[rabbitmq-discuss] unexplained broker shutdown

Matthew Sackman matthew at rabbitmq.com
Mon Jul 18 13:20:48 BST 2011

On Mon, Jul 18, 2011 at 02:04:13PM +0200, PADIOU Pierre-Marie (MORPHO) wrote:
> Can the broker make the decision to page messages even if there is plenty of ram left (say 30GB out of 40GB?), just on its estimation?


The worst possible implementation of paging would be to wait until all
RAM is used up, and then write out potentially millions of messages.

Essentially, Rabbit has to decide how to allocate RAM (and actually more
importantly, disk bandwidth) to queues. In many ways, it tries to
prioritise the allocation of RAM to queues that are very active (i.e.
lots of msgs being received by and/or sent by the queue) because such
queues would not be able to cope with the performance hit of being
written to disk.

To avoid the crow-bar effect of suddenly having to write out millions of
messages, Rabbit starts writing out messages fairly early on. In most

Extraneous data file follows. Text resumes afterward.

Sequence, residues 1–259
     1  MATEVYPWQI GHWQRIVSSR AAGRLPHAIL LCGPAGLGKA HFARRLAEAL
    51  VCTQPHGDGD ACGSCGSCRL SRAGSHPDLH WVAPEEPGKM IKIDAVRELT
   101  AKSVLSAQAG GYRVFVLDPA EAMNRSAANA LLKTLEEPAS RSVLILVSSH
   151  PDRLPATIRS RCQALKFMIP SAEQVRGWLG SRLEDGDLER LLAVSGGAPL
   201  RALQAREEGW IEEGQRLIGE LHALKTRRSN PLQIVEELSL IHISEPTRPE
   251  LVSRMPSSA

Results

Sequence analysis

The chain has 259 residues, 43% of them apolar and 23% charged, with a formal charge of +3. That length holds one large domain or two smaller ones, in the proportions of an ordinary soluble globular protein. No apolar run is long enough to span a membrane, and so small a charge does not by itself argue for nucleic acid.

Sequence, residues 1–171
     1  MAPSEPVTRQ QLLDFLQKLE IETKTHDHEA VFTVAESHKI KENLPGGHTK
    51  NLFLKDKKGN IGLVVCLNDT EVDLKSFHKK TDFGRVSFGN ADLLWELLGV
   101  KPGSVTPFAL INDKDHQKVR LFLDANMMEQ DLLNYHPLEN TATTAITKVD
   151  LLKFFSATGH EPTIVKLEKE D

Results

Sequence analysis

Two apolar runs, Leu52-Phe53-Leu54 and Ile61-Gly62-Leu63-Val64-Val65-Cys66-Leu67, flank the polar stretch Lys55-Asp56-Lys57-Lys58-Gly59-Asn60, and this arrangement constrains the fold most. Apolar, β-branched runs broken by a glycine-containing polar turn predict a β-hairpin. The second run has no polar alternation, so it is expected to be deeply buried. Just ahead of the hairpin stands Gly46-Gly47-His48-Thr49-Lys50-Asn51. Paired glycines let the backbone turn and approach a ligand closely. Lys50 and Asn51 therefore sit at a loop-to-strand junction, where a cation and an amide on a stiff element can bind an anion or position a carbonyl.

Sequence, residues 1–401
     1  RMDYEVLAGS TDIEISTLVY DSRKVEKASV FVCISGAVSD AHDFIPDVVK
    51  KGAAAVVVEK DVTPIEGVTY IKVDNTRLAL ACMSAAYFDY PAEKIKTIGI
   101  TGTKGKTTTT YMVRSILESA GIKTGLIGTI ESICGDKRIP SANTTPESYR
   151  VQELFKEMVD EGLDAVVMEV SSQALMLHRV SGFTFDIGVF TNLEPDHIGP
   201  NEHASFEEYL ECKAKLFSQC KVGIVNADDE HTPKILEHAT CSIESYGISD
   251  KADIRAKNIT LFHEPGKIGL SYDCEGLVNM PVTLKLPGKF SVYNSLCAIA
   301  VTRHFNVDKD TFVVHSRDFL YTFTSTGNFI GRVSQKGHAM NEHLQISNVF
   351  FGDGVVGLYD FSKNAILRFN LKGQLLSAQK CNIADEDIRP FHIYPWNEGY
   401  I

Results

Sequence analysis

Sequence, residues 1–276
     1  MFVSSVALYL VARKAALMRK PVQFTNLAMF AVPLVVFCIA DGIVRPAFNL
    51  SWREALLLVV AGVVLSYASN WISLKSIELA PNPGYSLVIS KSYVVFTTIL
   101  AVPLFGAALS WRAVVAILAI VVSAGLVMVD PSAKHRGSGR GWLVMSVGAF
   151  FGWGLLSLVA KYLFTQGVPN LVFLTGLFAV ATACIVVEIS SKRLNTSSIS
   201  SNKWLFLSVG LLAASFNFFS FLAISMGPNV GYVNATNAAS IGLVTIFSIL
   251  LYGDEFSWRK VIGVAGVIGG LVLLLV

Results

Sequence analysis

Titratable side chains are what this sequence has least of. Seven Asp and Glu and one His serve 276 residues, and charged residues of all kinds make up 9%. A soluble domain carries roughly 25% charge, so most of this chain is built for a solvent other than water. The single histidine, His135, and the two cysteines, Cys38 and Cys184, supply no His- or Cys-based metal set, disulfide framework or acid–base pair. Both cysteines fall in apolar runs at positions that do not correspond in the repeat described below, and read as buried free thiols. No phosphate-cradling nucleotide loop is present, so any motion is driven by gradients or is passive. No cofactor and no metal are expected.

cases, should RAM remain relatively plentiful, these msgs will be only
written async, and never read, because a copy will remain in RAM until
memory pressure is such that the RAM copy has to be discarded.

Due to taking into account the effects of garbage collection and other
issues, it's possible that Rabbit, with default configuration, will
start paging out messages to disk when it's using only 8% of the RAM
installed in the machine.

The goal is for Rabbit to try and stay as responsive as possible in all
its operations for as long as possible, as memory gets tighter and
tighter. Once that goal fails (i.e. we have to block publishers because,
ultimately, they're publishing msgs faster than we can write them to
disk), the next goal is to ensure that Rabbit will always be able to
recover (assuming disk space is plentiful) to the point where it will be
able to accept the next message sent to it.


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